David Begelman, who was forced out as president of Columbia Pictures Corp. in 1977 because of check-forging charges, is currently involved in "serious discussions" with MGM about taking over the operation of that studio.

"If this works out," Begelman said last night, "I will head up the film division there as its chief operating officer."

MGM senior vice president for marketing Richard Kahn confirmed last night that MGM President Frank Rosenfelt has been negotiating with Begelman, now an independent producer associated with Columbia. Asked why the company would hire an admitted thief, Kahn said, "I have no information on that. You'll have to check with Mr. Rosenfelt," who was on a TWA jet flying to Paris last night.

Begelman, who is known for his loquaciousness, lavish parties and Rolls-Royce, resigned as the head of Columbia Pictures two years ago after actor Cliff Robertson disclosed that Begelman had forged Robertson's signature to obtain $10,000 from Columbia. Begelman later pleaded no contest to a theft charge stemming from the forgery of three checks -- Robertson's and two other checks totaling $30,000.

At the time, Begelman was earning a salary of $500,000.He said that he was in an "emotional crisis" when the forgeries occurred and said in court that he was undergoing psychiatric care.

After Begelman's resignation, Columbia announced that it considered "the amounts involved in these transactions not material to the company." Begelman returned to work at the studio in two months in his former capacity. The charges against Begelman were reduced to misdemeanors, and he was placed on three year's probation. The charges were ultimately dismissed after Begelman produced a film on the dangers of the drug PCP.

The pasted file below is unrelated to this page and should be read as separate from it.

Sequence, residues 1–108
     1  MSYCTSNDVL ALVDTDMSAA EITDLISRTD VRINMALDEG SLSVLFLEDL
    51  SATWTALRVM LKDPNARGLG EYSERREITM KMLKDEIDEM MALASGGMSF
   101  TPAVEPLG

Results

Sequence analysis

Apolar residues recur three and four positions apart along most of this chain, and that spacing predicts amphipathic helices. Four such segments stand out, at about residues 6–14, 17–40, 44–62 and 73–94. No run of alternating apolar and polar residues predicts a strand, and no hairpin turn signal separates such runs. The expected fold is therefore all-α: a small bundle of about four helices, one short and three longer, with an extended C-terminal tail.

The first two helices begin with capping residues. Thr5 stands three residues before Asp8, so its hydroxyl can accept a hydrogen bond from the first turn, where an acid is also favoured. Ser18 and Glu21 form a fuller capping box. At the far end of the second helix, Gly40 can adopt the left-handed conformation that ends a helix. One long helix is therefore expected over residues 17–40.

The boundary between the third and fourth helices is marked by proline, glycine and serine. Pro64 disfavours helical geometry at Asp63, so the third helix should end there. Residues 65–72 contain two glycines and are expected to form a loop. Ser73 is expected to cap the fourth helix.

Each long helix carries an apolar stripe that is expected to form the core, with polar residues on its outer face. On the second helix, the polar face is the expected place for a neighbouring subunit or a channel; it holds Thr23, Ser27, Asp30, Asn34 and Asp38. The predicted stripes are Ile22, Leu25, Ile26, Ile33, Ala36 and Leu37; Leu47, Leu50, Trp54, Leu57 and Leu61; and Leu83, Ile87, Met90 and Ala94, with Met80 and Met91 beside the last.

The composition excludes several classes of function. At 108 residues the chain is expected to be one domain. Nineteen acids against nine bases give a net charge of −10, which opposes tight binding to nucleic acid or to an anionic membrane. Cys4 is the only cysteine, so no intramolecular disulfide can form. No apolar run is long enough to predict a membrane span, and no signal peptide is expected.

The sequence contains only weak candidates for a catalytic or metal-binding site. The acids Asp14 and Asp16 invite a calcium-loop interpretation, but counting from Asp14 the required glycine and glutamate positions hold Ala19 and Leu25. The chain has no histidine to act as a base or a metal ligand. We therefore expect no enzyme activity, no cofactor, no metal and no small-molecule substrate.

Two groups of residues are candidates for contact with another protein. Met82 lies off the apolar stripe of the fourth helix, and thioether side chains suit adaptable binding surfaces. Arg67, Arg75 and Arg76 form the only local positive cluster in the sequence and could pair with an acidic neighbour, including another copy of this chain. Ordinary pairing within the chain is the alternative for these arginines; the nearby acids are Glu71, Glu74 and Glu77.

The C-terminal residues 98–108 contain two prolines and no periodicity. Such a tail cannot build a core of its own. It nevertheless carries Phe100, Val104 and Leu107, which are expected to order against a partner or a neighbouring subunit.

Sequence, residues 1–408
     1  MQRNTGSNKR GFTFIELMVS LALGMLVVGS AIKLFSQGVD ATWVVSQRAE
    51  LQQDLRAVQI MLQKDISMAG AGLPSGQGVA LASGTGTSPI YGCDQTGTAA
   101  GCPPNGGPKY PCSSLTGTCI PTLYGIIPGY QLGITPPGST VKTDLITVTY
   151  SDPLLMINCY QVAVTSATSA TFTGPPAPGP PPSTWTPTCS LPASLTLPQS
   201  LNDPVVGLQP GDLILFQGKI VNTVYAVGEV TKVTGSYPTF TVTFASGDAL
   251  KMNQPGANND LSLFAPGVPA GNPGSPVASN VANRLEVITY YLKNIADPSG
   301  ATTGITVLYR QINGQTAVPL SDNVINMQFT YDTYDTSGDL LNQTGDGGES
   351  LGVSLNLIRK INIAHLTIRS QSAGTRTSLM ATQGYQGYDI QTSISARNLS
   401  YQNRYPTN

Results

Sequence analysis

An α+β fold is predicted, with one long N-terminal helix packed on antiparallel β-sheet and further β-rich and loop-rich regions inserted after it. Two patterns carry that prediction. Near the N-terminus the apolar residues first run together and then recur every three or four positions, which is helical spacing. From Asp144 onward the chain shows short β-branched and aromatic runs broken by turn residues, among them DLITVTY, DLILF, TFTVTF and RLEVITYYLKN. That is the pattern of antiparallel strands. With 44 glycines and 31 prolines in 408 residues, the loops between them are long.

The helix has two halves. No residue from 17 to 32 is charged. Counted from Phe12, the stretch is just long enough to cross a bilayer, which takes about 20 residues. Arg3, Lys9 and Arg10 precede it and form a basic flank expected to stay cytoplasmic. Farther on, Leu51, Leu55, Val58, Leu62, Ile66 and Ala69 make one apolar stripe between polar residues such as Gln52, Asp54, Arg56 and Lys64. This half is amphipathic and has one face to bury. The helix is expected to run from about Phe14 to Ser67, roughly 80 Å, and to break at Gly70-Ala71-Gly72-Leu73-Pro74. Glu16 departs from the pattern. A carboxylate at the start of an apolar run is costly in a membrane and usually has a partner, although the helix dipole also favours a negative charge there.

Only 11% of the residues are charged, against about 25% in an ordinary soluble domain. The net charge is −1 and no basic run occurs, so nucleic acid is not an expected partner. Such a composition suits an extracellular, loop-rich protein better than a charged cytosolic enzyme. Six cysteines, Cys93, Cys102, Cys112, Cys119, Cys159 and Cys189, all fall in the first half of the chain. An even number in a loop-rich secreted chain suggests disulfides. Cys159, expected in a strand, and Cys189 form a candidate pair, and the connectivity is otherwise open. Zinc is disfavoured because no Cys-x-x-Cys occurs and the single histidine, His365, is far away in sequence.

But this reinstatement generated so much negative publicity for the studio that Begelman resigned again. He was, however, immediately retained by Columbia as an independent producer with an income about equal to his former compensation.

"We are merely discussing compensation, options and the like right now," Begelman said last night of his negotiations with MGM. "I would not yet consider this a fait accompli."

MGM -- which created "Gone With the Wind" in the '30s -- has been less conspicuous on the silver screen in recent years. Its last film came out one year ago, with the Christmas release of "The Brass Target," which faded quickly into cinematic history. The studio co-produced "The Goodbye Girl" with Warner Bros. Its last major release was "That's Entertainment, Part II." The company's major income now comes from its casinos and hotel operations.

"I won't be involved with the hotel division at all," Begelman said last night. "And as to the company's film output, I think it's too early to talk about that."